Posted by: Nyxks | October 15, 2007

Fatal Charm

Fatal Charm (Book 5 in the “The Seer” series)
by Linda Joy Singleton © 2007
Llewellyn Worldwide
ISBN 0-7387-1153-5
360 pages
$6.99 (U.S.) $7.50 (Canada)
Reviewed by: Mike Gleason

I love it when a series picks up right where it left off, with no time gap. It makes it easier to get back into the rhythm of the story. Of course, with Ms. Singleton’s style, that isn’t normally a problem for me. I really enjoy this series since the heroine, Sabine, is a true-to-life teen who struggles with all the usual teen angst – boyfriend, family relationships, schoolwork – with an added dimension of psychic awareness. She struggles to be accepted as “normal” while dealing with the consequences of being so “different” that she is only open to a few close friends.

There are few authors who are producing quality fiction which is “New Age” friendly, and Ms. Singleton is one of the better ones. The gods know that young readers will be able to identify with Sabine Rose, the heroine of this series, even if they aren’t psychic themselves. She suffers all the pains and uncertainties shared by teenagers in general, amplified by being “the new kid” and being sure that if anyone knew their “dark secret” they would be rejected and even more outcast. And, of course, someone accepting you is a cause of even more paranoia.

Her stories have the feel of realism about them. Her heroines (all of her major protagonists are female and empowering) don’t run around the neighborhood proclaiming their abilities. As teen girls they are more concerned with fitting in than with standing out.

Sabine’s grandmother’s illness is progressing rapidly at the start of this book. Fortunately Dominic has found the final clue to the hidden location of a remedy book which will cure her (or at least hold the illness at bay). Now all they have to do is solve the riddle, find the book, and all will be right with the world.

Oh, but wait a moment.there is still the question of the red haired girl who calls Sabine’s father “Daddy.” Will her presence cause Sabine’s mom and dad to get a divorce?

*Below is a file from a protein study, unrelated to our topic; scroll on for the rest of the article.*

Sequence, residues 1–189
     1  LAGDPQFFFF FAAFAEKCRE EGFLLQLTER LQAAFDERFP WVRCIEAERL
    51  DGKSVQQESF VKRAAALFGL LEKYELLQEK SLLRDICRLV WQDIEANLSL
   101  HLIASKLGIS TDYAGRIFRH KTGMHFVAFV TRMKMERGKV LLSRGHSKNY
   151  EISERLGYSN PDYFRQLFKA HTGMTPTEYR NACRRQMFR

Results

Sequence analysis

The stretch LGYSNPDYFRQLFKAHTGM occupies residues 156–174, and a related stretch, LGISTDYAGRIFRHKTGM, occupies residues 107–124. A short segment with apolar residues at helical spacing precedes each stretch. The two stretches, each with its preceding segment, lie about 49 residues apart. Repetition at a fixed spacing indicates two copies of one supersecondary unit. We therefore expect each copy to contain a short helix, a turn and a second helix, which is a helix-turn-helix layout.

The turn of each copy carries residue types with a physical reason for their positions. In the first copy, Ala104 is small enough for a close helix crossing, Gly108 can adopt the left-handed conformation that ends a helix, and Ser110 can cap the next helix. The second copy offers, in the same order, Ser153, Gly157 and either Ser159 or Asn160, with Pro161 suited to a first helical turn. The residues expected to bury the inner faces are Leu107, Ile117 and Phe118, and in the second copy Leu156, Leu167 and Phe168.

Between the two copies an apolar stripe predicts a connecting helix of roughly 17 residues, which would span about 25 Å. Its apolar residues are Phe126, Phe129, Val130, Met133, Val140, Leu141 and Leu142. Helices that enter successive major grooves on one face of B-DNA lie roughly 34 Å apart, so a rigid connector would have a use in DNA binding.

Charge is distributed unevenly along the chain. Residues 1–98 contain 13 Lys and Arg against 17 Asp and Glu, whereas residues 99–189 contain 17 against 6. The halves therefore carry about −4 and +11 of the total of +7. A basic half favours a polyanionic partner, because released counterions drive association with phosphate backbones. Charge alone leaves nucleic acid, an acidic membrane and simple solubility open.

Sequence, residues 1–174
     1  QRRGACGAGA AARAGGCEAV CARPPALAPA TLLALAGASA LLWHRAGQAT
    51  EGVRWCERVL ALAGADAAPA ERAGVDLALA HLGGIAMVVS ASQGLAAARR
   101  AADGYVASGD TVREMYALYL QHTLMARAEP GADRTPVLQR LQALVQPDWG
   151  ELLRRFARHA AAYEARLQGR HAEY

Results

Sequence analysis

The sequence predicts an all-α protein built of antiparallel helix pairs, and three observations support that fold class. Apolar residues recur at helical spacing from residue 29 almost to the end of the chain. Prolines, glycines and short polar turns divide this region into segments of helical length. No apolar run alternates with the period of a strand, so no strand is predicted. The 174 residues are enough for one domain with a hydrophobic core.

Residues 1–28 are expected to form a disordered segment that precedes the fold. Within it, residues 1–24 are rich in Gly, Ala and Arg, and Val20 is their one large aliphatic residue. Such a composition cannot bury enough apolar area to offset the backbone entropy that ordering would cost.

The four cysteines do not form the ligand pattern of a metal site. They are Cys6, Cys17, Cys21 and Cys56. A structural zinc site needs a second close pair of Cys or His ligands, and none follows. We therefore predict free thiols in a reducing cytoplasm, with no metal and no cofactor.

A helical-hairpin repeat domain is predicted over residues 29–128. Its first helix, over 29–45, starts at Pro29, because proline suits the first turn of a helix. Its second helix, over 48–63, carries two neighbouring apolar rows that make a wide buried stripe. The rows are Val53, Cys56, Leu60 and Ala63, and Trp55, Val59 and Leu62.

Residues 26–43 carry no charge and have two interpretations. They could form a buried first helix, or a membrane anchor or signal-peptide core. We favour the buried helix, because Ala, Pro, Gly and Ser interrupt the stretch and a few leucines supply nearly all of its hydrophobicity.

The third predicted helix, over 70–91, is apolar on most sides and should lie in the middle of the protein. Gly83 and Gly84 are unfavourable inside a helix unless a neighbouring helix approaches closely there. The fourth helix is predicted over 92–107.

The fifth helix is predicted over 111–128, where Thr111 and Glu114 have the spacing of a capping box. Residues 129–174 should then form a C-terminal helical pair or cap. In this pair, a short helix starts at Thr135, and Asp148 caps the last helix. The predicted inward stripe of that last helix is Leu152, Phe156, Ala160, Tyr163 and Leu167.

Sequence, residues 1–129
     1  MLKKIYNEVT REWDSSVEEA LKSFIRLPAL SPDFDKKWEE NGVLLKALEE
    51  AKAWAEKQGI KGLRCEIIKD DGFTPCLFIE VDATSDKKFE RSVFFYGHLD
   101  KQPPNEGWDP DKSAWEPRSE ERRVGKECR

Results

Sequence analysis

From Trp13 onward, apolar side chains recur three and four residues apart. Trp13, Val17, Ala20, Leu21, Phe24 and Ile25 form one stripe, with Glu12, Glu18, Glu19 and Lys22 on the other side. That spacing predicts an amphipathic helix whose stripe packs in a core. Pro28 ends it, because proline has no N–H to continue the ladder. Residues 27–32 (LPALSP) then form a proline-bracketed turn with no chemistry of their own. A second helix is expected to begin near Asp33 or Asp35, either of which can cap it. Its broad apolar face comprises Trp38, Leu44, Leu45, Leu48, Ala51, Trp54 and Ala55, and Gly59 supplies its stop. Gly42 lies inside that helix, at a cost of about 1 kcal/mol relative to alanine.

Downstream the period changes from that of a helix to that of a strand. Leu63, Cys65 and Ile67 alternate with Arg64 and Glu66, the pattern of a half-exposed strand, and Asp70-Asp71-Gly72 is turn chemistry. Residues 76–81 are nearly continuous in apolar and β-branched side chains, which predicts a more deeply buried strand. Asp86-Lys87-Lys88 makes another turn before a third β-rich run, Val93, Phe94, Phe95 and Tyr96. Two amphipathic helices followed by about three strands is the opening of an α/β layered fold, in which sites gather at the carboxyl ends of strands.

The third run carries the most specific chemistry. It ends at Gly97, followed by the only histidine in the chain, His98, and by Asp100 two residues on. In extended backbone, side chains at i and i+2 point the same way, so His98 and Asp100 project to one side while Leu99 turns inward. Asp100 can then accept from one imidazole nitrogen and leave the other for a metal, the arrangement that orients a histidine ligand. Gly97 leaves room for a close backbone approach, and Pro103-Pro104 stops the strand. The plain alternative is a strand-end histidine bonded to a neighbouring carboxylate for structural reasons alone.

This is a well-crafted story (as are all of Ms. Singleton’s works), which works well for the age group (young adults ages 12 and up) it is aimed at. It is moderately spooky, conveys some real-life messages without being preachy, and is an enjoyable book to read. There are no great lessons to be learned, no huge surprises, just an enjoyable story with characters you can identify with and care about.

The plotline is kept relatively simple and the occult elements, although slightly dark, are not overwhelming or oppressive. Sabine is, in most ways, a typical teen facing typical teen problems, the most important of which is feeling that her problems are unique and would brand her as an outsider if anyone else were to find out about them.

The most believable part of Sabine’s life, besides an uncomfortable relationship with her mother; a confused feeling about her romantic life; and an on-going attempt to fit in with her friends; is the fact that her psychic abilities don’t provide all the answers at once. She has to work through hints, feelings, and impressions to find out who she is supposed to be helping and how she is supposed to provide that help.

As is usual with this series, there is no real resolution by the end of the book. In fact, if anything, there are more questions raised than answered.


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